Check your attitude

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Cynics earn less than their more cheerful counterparts
While cynicism in the past has been linked with overall poorer health and reduced psychological well-being compared to a relatively cheerful demeanour, one could argue that cynicism—a tendency to question other people’s motives and believe that humans are fundamentally self-interested—could make an individual better cut out for success in today’s competitive world. As it turns out, this too could be wrong.

According to a new study published in the Journal of Personality and Social Psychology, cynics have lower incomes than idealists. The researchers argue that cynical people are likely to be distrusting and avoid cooperation. They also tend to devote more resources than necessary to protecting themselves and their assets from exploitation, making them also less likely to ask for help from others. In comparison, the study claims, those who hold a more benevolent view of human nature may be more likely to benefit financially from opportunities to join forces with others.

Interestingly, it was found that the earnings disparity doesn’t hold true for participants who reside in areas with widespread antisocial behaviour like high homicide rates. In such areas, where a cynical outlook is likely to serve as a safety measure, a cynical attitude doesn’t interfere with financial achievement.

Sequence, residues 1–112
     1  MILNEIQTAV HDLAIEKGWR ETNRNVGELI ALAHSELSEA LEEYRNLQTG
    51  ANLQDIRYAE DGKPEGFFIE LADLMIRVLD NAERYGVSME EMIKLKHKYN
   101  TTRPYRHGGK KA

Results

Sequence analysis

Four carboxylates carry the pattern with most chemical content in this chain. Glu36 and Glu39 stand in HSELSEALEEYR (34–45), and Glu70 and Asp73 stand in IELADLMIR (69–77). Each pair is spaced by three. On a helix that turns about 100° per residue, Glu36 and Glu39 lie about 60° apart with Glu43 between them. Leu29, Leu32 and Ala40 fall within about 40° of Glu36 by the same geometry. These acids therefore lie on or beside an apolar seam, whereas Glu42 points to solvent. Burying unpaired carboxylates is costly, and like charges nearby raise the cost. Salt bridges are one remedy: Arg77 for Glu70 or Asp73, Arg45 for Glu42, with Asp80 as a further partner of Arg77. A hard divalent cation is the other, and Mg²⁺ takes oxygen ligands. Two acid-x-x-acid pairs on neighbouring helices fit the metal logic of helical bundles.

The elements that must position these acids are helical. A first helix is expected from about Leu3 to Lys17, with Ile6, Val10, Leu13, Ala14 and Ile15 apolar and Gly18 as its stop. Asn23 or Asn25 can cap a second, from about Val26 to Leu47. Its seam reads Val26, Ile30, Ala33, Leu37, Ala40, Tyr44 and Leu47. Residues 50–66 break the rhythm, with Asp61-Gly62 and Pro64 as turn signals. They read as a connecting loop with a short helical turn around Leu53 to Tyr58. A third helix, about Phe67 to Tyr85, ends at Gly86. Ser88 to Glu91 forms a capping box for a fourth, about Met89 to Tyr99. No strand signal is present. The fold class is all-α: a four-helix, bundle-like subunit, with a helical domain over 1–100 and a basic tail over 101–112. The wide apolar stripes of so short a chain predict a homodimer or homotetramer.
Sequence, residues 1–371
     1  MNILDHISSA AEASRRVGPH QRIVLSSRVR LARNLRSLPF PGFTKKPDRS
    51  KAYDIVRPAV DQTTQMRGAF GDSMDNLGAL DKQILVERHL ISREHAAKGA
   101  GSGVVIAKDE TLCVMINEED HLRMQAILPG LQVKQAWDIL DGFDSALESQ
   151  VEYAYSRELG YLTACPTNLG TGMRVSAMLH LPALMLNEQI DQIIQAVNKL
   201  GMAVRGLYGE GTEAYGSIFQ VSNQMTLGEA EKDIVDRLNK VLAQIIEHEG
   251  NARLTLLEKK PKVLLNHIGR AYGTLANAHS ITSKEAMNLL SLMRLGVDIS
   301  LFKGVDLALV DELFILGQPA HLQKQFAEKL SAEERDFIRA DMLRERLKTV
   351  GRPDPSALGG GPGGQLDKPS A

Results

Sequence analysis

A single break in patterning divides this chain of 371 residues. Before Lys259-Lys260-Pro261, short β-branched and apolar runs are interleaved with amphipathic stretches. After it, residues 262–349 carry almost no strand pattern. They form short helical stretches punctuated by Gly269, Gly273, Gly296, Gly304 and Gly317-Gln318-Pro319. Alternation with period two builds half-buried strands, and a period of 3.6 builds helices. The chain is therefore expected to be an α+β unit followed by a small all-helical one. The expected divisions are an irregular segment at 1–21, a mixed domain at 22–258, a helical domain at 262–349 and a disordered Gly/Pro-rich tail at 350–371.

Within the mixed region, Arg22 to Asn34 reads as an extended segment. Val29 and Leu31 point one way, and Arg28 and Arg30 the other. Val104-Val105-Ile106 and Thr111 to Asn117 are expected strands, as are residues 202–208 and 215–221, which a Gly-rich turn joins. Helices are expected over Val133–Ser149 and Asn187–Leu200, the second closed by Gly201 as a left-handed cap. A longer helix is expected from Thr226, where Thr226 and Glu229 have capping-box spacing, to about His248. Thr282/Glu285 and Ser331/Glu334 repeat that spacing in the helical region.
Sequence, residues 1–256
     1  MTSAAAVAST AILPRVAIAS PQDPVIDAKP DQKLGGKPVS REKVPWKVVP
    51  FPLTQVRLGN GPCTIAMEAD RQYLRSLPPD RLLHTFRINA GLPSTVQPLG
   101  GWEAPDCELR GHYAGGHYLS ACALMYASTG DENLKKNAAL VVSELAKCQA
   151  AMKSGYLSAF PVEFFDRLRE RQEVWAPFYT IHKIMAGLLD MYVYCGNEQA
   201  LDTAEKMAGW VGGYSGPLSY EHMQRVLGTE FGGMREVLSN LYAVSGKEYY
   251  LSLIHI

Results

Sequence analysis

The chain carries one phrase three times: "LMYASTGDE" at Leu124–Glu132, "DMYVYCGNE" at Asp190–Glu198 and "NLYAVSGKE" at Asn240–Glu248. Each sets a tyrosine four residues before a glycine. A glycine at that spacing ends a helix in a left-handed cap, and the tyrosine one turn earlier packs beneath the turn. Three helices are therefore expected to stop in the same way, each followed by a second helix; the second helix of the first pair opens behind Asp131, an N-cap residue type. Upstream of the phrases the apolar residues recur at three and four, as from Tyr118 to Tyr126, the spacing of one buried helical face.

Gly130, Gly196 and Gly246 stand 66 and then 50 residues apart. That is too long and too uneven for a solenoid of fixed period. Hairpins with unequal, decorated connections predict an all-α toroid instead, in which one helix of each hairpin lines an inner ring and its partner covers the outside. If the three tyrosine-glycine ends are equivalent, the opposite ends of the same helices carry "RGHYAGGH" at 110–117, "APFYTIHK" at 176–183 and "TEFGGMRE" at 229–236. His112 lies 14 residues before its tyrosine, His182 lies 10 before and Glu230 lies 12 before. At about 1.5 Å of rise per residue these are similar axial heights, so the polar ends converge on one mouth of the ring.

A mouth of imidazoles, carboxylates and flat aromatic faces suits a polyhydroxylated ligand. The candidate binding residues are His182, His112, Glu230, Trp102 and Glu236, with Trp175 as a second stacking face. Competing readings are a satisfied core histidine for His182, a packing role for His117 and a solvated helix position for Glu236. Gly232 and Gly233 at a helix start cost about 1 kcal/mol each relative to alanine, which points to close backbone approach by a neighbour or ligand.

For the study, a series of studies were conducted. In one study, surveys of adults in America were analysed. The researchers found that high levels of cynicism (indicated by personality questionnaires that subjects had to fill) is correlated with lower income some years later. Another study on a representative sample of 16,000 Germans found that less cynical people earn at least around (controlling for other factors) $300 more per month than their more cynical counterparts.

Olga Stavrova, the lead author, told the American Psychological Association, “Occupational success and economic prosperity represent important life goals for many people and promote life satisfaction and psychological well-being... Our findings may help in achieving these goals by encouraging people to adopt a more benevolent and idealistic view of human nature and trustful attitude towards their peers.”